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AIBU

Do I go NC?

(58 Posts)
BoadiceaJones Fri 26-Apr-19 06:39:12

A close member of the family hates my DH. She says she doesn't like or trust him, but won't tell me why. We've been together almost 20 years. She has a spiteful streak and our relationship has always been a bit rocky. What do I do?

CherylMoon Sat 27-Apr-19 09:13:57

If it’s of any help, she’s just stirring. Probably best off without her.

You will feel better for it !

Mollygo Sat 27-Apr-19 09:36:01

Don’t give her chance to say anything again.
You could always carry a wooden spoon in your bag and whip it out and present her with it if she starts. Fflaurie has a great response.

sandelf Sat 27-Apr-19 09:46:31

This is very odd. If she is prepared to tell you this she really needs to tell you why she thinks this. - If not - she is stirring.
{{I have a friend I have NOT spoken to about this but, [long whole family friendship] - one evening saying farewell in their hall - he quite unmistakably groped me in a really nasty way}} - I have kept away from them since - making out I'm 'just So busy'. I really don't want to tell her, she's a nice person and it would cause rows.

Sussexborn Sat 27-Apr-19 09:56:33

Had a stepmother like that. Seemed sugary sweet on the outside but tried to cause trouble for no reason at all. Nearly succeeded with her new daughter in law. Told both parties that the other had confided in her that they wanted out. Total lies but dil in particular didn’t realise this and heartbroken that her loving husband could be saying this behind her back.

She tried to drive a wedge between my sister in law and me (known since primary school). The shock on her face when I said I would ask my SIL why she had said such a nasty thing. The panic and back tracking would have been funny if not potentially so damaging.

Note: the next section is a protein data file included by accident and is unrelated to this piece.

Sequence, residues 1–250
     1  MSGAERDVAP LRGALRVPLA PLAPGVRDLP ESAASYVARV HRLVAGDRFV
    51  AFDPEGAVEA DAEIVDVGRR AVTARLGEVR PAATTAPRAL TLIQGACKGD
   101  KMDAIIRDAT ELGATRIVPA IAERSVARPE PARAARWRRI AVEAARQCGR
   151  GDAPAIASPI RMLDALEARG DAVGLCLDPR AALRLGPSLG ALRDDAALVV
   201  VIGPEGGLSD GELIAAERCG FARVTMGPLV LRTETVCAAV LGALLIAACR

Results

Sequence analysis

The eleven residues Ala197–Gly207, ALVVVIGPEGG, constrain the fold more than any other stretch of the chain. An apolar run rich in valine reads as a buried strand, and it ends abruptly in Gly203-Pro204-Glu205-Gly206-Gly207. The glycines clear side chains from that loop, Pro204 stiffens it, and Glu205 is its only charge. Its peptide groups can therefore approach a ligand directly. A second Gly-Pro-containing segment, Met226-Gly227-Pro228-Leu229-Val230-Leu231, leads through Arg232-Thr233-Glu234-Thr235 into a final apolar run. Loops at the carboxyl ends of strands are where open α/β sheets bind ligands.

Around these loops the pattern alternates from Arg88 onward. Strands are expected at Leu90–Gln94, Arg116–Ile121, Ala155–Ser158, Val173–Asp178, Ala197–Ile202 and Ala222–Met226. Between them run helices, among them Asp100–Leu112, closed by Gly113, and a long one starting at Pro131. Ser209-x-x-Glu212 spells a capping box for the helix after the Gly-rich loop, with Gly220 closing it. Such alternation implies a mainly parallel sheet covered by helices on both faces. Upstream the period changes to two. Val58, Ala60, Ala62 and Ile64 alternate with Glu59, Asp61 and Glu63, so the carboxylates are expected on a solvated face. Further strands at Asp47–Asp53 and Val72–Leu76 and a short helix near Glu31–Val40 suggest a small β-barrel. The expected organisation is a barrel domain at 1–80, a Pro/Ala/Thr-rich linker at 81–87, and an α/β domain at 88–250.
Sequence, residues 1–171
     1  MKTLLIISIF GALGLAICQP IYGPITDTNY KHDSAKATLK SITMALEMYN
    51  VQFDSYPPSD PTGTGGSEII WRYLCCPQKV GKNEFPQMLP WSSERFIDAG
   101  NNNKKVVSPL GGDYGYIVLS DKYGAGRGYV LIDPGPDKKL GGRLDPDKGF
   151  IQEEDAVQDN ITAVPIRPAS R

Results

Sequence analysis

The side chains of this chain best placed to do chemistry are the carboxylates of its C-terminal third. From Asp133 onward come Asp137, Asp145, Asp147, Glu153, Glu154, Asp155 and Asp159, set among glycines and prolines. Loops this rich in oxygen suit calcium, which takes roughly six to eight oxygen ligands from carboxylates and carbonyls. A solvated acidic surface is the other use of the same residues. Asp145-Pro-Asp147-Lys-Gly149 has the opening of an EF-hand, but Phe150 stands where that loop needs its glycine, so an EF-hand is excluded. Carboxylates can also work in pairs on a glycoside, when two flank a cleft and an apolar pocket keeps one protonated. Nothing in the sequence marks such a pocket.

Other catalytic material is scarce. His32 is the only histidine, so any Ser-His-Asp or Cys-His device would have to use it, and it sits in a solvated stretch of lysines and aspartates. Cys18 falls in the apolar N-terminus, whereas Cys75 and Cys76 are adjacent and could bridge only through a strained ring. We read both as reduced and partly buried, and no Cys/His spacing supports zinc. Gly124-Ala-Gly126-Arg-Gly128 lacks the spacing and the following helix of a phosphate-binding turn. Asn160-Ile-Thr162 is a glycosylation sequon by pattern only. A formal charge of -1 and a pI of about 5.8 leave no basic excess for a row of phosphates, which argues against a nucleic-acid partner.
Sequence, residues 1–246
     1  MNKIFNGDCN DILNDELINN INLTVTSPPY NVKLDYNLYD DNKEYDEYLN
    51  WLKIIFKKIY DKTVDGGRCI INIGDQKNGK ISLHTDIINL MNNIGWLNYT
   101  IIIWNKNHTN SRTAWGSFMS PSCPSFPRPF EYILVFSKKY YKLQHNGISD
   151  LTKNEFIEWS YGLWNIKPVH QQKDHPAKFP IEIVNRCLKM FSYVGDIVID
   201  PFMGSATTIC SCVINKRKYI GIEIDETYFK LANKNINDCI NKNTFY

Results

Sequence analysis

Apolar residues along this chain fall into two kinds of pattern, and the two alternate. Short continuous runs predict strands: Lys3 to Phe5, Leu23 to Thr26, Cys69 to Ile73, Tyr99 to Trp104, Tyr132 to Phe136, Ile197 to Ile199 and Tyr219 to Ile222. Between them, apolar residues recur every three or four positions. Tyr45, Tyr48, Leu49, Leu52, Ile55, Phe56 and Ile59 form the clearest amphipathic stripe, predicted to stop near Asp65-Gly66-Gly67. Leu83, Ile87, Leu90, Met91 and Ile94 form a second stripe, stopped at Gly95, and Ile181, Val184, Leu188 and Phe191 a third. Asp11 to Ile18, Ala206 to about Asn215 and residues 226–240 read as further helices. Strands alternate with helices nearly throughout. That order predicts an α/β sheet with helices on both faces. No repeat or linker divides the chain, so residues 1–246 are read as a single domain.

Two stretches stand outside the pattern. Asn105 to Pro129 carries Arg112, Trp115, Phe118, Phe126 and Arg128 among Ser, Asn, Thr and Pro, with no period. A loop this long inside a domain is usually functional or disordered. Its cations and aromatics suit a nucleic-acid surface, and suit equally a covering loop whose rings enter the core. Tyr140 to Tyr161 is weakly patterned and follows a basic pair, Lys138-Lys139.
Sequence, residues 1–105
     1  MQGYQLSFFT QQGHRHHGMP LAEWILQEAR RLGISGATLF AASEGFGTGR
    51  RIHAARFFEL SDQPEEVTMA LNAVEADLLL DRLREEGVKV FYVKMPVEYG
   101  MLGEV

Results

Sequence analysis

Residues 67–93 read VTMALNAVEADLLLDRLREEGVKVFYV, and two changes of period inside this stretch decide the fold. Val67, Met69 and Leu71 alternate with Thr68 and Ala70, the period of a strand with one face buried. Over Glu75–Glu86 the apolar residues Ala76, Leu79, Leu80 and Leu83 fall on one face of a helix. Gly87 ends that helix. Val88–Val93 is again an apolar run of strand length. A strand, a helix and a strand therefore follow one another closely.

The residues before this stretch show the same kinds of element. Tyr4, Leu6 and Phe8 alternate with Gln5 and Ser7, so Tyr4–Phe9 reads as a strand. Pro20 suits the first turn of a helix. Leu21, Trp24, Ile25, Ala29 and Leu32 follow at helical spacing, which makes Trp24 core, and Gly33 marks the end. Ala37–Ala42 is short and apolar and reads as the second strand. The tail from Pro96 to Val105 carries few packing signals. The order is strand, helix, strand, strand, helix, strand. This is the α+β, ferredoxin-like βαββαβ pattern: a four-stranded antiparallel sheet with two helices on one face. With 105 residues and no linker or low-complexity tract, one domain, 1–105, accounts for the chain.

Either avoid and ignore her whenever possible or try calling her bluff. If there was something really serious someone else would have felt it their duty to enlighten you.

GrannyAnnie2010 Sat 27-Apr-19 09:56:48

She doesn't like or trust him? Nothing wrong with that. I know of a handful of people I don't like or trust but can't put my finger on exactly why: it's just a gut thing.

So what! - I say. We don't get on with every single person who's related to us via friendship or marriage.

I'm more interested in how your husband feels towards her, actually. Perhaps the feeling's mutual.

25Avalon Sat 27-Apr-19 09:58:41

Did you not defend your dh at all? You could say something like we have been together a long time, and I love him very much and I won't listen to bad things said about him. She will then either elaborate or shut up.

driverann Sat 27-Apr-19 10:12:39

I agree with grandad 1943. If anyone told me they did not like my lovey other half I would soon tell them (the person) where to go and have no more to do with them. Turn a page, blank, gone.

Hm999 Sat 27-Apr-19 10:20:57

I disagree. There's nothing worse than everyone telling you how wonderful your spouse is, when behind closed doors they are a completely different person. So I'm always surprised when people make positive or negative comments about other people's family members. Like politics and religion, steer clear of the topic.

Purplepoppies Sat 27-Apr-19 10:21:01

I had a deep dislike of my best friends husband. He treated her appallingly, I had good reason. It wasn't a secret. She found the courage to leave him.
Not the same situation I know. Maybe she perceives something in your relationship? Does your husband have any idea?
If its really for no good reason I'd ignore this person as far as is possible. ?

Barmeyoldbat Sat 27-Apr-19 10:22:52

We have one in our family, my step gc but thank goodness she has been proved wrong. Keep her as much as you can out of your life.

breeze Sat 27-Apr-19 10:31:03

Maybe she is jealous of your good relationship. If she makes another spiteful comment along those lines I would say 'unless you are prepared to back that comment up and tell me why then I would rather you didn't refer to it again' or avoid her. It doesn't sound as though you have any concerns about her knowing something you don't.